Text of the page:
-I haven’t said enough about Kevin Smith yet. He played well, his best game of the preseason for sure. He was only on the field for two drives (perhaps an inclination that Culpepper is closing in on the starting job?), but he made the most of his time with 8 carries and 3 receptions for a total of 83 yards. Smith looked terrific on some plays and anemic on others. He was no where near as bad as last week. The thing about Kevin Smith is this: he has very specific strengths and weaknesses. He’s not good up the middle. He’s good in the open field. He’s good at following blockers. He’s not good at creating his own play. He’s not very fast. He’s difficult to tackle in the open field. He’s easy to tackle in the backfield. He’s a great receiver on screens. He’s not good at going between the guards. Do you see the pattern? He’s an ideal fit for a zone-blocking scheme, but that’s about it. The million-dollar question is: will Scott Linehan stick with the zone-blocking scheme, even though it sucked last year, or are they going to try to force Smith to be something he’s not? Will they tailor the play-calling to his strengths, or delude themselves into believing that he has no weaknesses? I hope they are smart, but it seems more typical of Lions’ coaching staff to be prideful and ignorant. My fear is that we’re going to see Kevin Smith up the middle 15 times a game, all season long, and fans are going to start saying things like “Smith sucks, he just gets tackled by the first guy every time” and “Why does he have to run right into the line and fall down like that?” but really, it’s going to be Linehan’s fault. Smith needs to run counter plays and draws, he needs a pulling guard and a lead fullback and he works really well in the short passing game. Plunge and smash plays aren’t going to work with him. He’s not Adrian Peterson, he’s Kevin Smith. That’s why he wasn’t drafted until the third round. He’s a certain kind of running back who needs to play a certain style. He’s kind of needy. But you know what, with the addition of Pettigrew’s blocking ability, I think the zone-blocking scheme is still worth another try. Smith looked really good on some plays Saturday. There was the 24-yard run off left-tackle, the 10-yard completion on third and 9, and the 19-yard completion a few plays later. He ran well on the outsides, and quite poorly up the middle. I like Kevin Smith, but I don’t love him.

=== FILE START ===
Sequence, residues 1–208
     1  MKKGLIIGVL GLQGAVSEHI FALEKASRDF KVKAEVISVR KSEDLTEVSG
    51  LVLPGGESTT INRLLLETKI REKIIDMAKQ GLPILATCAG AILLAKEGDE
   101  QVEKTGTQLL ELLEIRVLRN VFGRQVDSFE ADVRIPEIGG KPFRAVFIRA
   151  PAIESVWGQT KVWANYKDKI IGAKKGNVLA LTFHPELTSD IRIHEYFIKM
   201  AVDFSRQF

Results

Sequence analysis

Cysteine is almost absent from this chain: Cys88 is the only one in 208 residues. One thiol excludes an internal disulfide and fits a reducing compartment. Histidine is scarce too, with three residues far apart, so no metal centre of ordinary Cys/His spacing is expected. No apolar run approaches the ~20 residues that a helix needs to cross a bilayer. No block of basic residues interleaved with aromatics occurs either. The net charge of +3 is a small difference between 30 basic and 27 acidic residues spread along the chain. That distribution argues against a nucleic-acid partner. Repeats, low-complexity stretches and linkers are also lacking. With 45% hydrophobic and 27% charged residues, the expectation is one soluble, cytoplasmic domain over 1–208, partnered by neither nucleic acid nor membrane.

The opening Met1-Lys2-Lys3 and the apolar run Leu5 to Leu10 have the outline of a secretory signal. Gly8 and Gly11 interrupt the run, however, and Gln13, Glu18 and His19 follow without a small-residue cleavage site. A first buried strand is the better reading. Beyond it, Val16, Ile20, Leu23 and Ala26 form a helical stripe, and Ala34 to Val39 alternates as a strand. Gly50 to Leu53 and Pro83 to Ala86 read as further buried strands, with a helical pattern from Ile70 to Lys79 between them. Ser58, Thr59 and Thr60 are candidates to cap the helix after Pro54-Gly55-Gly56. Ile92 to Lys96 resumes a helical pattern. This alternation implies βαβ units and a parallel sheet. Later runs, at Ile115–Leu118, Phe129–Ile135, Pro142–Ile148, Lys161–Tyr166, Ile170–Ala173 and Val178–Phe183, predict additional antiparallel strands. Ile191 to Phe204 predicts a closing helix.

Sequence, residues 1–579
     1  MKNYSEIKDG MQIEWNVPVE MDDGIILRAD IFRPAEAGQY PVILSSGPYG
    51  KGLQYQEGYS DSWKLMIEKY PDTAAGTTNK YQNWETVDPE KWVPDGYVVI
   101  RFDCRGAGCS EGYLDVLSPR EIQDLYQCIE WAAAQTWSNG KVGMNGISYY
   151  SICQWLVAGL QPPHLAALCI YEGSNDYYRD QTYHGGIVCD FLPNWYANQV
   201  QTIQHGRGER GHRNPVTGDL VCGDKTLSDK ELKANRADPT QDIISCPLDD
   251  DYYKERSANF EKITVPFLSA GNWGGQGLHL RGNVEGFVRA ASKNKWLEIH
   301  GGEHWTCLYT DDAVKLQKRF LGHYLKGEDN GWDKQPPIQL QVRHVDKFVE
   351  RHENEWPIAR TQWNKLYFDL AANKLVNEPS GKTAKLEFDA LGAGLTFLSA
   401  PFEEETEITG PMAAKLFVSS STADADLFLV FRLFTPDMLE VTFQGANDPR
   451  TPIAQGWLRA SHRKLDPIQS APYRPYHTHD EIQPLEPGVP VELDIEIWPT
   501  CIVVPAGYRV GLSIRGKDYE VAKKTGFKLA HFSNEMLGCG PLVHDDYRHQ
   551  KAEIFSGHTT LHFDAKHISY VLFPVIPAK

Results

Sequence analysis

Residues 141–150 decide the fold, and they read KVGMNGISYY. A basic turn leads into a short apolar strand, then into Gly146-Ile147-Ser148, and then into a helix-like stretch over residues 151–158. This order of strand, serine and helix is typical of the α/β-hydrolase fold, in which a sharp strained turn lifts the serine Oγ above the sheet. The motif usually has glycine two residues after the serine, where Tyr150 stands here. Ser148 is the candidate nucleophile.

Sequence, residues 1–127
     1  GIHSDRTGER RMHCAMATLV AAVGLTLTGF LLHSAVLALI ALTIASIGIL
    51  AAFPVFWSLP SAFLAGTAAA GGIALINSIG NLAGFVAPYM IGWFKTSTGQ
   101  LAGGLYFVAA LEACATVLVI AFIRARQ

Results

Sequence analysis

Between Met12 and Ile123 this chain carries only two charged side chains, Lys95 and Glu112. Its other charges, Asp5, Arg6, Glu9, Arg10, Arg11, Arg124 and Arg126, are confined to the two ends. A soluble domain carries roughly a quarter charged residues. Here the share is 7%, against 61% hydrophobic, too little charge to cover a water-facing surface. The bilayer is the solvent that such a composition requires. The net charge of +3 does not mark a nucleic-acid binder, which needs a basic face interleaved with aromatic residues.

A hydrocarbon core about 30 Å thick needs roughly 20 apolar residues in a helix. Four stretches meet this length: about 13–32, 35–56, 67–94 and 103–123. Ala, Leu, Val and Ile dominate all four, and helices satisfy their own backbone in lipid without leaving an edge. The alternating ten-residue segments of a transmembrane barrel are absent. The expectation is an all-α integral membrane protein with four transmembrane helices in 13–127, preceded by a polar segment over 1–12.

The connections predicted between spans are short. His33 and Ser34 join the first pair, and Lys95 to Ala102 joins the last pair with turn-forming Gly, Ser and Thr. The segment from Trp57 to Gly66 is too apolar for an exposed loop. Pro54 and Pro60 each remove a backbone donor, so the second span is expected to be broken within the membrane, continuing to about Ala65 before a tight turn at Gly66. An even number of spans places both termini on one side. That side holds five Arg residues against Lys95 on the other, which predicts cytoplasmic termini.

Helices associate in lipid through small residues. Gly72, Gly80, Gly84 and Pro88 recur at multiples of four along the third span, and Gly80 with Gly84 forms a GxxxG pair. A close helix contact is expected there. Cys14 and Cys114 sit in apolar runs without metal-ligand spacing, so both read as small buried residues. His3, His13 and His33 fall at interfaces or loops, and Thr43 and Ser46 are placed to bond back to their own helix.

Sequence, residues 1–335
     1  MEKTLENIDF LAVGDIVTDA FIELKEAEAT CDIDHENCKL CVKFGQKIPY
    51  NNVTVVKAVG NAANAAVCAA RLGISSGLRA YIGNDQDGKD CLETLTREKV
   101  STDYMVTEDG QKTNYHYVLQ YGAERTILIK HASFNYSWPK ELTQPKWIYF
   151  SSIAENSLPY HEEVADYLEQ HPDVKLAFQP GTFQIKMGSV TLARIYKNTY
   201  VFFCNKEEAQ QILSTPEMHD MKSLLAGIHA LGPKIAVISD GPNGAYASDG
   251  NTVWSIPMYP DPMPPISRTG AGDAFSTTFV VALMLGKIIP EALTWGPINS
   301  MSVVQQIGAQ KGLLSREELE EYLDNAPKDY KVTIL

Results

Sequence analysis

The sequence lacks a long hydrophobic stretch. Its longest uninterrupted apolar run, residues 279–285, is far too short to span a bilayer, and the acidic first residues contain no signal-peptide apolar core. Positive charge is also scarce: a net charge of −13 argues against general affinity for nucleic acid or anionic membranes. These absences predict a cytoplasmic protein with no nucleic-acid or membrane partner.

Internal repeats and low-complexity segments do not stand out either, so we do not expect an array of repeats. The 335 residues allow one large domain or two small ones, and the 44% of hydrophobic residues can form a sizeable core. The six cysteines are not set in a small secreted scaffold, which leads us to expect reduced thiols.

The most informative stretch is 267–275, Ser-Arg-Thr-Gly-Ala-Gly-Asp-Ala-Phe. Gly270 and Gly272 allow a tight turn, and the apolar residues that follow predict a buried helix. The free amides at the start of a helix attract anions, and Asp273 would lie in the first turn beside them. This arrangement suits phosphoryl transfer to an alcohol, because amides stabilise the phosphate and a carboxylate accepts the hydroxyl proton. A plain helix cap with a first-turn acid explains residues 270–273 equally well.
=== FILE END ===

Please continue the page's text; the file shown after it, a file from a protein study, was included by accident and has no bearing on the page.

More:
-Considering the Colts played without their star defensive player Bob Sanders and don’t have a great defense in the first place (the only team that allowed more passing yards last season than the Colts was … you guessed it, the Lions), let’s not get too excited about the 412 total yards of offense. True, the offensive numbers look beautiful: third downs were 60% and we sustained long drives while dominating time of possession, but it was the Colts without Bob Sanders. It wasn’t the Vikings, Bears or Packers. It wasn’t even the Browns. BUT, I’ll try not to be too much of a downer, and I’ll just say this about the offense: Go Daunte!